[In summer 2009, on eight successive Tuesday evenings, I am presenting a series of films under the rubric of “Crime and Punishment” at the Ethics and Public Policy Center in Washington. (Go to www.eppc.org/movies for details or to register to attend.) The series opened on Tuesday, June 16, 2009 with The Public Enemy (1931) by William Wellman. Before showing the film, I spoke for a few minutes about the series in general and this movie. Here is what I said. To hear my introduction in MP3 format, click here.]
Welcome to the first in this year’s EPPC movie series – and welcome especially to those of you who have been with us in the previous two summers when we followed the progress of the American Movie Hero and the Movie Romance from the days of the early “talkies,” now over eighty years ago, until the cinematic idiom in which both subjects are treated took on its present form. This year I hope to do the same thing with the theme of “Crime and Punishment,” though we may notice less of a clear division between the movies made before the mid-1960s and those dating since that time. The cultural understanding of both heroism and romance changed in comparatively obvious ways in the ‘60s. There were also changes in the culture’s view of crime and, especially, punishment, but they are likely to be a bit harder to spot. However, we’ll do our best to find them in the weeks to come.
This week we’re once again kicking off with a movie from the early 1930s, William Wellman’s classic gangster film The Public Enemy, starring James Cagney and – well, a bunch of other people whom nobody but film buffs now remembers. Even the 20-year-old Jean Harlow, the original platinum blonde, hasn’t aged well on film, or not to my eye anyway. This is doubly unfortunate for her, since she hardly aged at all in real life, dying of kidney disease only six years after making this movie. She, along with everything else in The Public Enemy except for the star, now looks very much of the period. Only Cagney is as electrifying on screen today as he seems to have been to the original audience. With this performance, says Martin Scorsese, “modern screen acting begins.” He meant that in a good way, but it is hard to disagree with him.
Cagney was originally hired to play the role of the sidekick, Matt Doyle, here played by Edward Woods, while Woods was the lead. But somewhere early on in the proceedings – perhaps, as some say, when Wellman saw the first rushes – somebody spotted Cagney’s screen charisma and the actors’ roles were switched. Nor was Wellman the only one to spot this. The audience of 1931 was as impressed by Cagney as we still are today, and his role as Tommy Powers, the eponymous Public Enemy, made him into the star he remained for the rest of his life. If modern screen acting begins with this role, so does the gangster film which has remained a hardy Hollywood perennial ever since, down to and including Scorsese’s own Goodfellas (1991) to which tonight’s movie bears a certain resemblance. But there is also an important difference between it and the movies that come after it.
Most gangster movies, Goodfellas among them, derive their emotional force from the sense of belonging – familial, tribal, ethnic – that they romanticize. The family drama of The Godfather or The Sopranos is at least as big a part of their attraction as the daring deeds of their magnetic central characters. Cagney’s Tommy Powers in The Public Enemy forms strong bonds with particular people, but he is very much at the center of things as an individual. Even his close friend and constant companion, Matt, he often dismisses as nobody or nothing. “I don’t even know you’re here,” he says when they meet Mamie and Kitty in the nightclub. The family, in this film, is not what draws him into a life of crime but what tries, without success, to draw him away from it, while “the mob” is often referred to but is in fact almost invisible as such.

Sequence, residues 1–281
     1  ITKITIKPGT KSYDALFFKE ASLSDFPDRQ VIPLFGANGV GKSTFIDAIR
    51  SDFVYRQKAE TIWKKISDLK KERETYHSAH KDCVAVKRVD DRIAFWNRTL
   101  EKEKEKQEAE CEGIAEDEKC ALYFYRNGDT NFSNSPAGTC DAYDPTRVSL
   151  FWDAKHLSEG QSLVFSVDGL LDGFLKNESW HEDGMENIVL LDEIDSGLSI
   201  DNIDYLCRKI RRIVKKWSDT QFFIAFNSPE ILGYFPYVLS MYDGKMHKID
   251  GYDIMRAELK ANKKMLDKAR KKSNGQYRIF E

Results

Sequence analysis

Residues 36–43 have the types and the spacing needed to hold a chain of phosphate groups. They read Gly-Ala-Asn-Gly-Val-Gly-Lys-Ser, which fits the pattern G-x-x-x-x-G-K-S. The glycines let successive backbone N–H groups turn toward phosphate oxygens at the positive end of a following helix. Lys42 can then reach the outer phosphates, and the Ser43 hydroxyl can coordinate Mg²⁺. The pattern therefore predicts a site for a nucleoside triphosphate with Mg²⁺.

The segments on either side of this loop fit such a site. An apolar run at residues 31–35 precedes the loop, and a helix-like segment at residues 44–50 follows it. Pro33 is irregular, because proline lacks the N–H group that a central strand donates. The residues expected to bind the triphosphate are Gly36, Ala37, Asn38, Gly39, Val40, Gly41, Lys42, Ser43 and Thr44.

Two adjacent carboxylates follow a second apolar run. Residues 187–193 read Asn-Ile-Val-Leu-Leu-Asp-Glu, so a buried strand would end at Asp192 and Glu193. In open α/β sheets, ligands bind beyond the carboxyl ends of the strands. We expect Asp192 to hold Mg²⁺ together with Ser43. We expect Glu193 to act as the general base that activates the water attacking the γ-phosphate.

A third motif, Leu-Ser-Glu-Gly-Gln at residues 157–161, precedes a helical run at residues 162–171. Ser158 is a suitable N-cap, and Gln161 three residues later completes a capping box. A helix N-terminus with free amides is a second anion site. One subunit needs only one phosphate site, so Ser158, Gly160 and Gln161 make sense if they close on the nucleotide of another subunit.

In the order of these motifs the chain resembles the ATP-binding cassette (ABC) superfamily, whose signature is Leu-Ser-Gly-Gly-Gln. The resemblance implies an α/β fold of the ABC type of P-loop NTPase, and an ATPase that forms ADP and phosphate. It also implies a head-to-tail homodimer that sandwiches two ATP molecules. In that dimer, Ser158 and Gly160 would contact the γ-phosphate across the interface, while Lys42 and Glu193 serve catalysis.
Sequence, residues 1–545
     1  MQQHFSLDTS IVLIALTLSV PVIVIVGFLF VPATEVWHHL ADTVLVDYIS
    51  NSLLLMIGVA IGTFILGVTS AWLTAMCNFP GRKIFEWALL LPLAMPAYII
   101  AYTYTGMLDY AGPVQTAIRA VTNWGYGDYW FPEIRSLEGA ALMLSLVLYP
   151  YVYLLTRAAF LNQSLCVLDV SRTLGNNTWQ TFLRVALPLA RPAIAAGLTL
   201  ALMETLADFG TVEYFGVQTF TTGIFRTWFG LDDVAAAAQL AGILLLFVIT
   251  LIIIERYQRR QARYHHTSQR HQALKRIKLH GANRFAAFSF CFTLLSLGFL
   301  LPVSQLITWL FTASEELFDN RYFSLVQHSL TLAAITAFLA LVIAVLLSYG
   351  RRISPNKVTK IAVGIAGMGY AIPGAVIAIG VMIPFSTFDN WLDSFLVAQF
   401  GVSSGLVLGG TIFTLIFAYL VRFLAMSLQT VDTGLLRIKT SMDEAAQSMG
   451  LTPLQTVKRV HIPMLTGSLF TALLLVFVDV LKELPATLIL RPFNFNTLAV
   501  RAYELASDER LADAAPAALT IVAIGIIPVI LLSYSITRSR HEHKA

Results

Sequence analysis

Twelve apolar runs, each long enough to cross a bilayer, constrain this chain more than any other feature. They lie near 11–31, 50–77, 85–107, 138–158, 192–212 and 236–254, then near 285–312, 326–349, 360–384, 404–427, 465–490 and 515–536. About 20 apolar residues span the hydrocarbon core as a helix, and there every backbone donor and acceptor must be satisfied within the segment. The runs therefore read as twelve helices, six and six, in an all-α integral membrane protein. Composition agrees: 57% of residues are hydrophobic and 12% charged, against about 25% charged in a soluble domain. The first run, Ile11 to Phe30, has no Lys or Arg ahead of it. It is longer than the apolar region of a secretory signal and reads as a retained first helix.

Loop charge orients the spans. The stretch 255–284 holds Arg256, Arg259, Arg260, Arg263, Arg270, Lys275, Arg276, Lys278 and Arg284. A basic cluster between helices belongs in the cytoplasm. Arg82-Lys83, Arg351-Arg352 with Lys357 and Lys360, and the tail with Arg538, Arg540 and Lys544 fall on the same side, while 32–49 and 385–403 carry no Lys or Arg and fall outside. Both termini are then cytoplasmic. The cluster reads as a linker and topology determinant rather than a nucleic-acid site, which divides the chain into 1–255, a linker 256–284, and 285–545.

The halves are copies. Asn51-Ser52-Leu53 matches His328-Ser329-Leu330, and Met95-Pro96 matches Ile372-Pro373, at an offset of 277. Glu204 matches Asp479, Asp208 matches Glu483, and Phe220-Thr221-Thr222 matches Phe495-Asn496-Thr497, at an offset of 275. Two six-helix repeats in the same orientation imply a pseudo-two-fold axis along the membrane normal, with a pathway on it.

In this respect, though ostensibly a gangster film, The Public Enemy fits in better than any other such film I can think of with the rest of those that we’ll be seeing in this series. They have been selected partly because they have at their center a similar sort of individualism. These are all movies about little guys who think big, people who start out poor and despised and told they’ll never amount to anything – or, like Tommy, that they’ll end up in jail. And yet, by their own efforts all of them seem to find their way to “A Place in the Sun,” to appropriate the title of one of them, until they become the victims of – well, what they’re the victims of will remain to be seen. But, as they are a sort of parody of what we have since learned to call “The American Dream,” there will always be plenty who see them as the victims of America.
When The Public Enemy was made, it would have been easy to see Tommy as the victim of “the system” (another variation on the theme of American guilt), or of an economic catastrophe unprecedented in American history. Yet there is no hint of this in the movie itself. In 1931, people were beginning to get the idea that the Great Depression wasn’t just another downturn of the business cycle, but it is still the Roaring 20s up on the screen. I mention this economic and political background to the film because, looking back from the vantage point of more than three-quarters of a century later, commentators on the films and other cultural artifacts of the period almost invariably do bring it up. What everybody now knows, particularly about those Depression-era movies, is that hard economic times produced an appetite for (a) “escapism” – for example in the elaborate Hollywood musicals of Busby Berkeley – and (b) romantic gangsters like Cagney’s Tommy Powers.
I have my doubts about both these articles of conventional wisdom, but it would be foolish to deny that there is a certain romance and glamour about Tommy’s energy and vitality, those animal spirits that the Greeks would have called thymos. You can tell that people at the time saw it, too, because of the nervous little announcements on screen cards both before the movie begins and after it ends. The one at the beginning reads:
It is the ambition of the authors of The Public Enemy to honestly depict an environment that exists today in a certain strata of American life, rather than glorify the hoodlum or the criminal.
Such a disclaimer is a pretty reliable indicator that what follows, intended or not, will glorify the hoodlum or criminal and, sure enough, Tommy Powers has subsequently entered the American imagination as the very image of the glamorous criminal. A few years ago, Cagney’s performance was ranked 57th on list of the one hundred Greatest Movie Characters of All Time as compiled by the late Premiere Magazine. That’s a lot of glorification for a character whose behavior is almost uniformly repellent.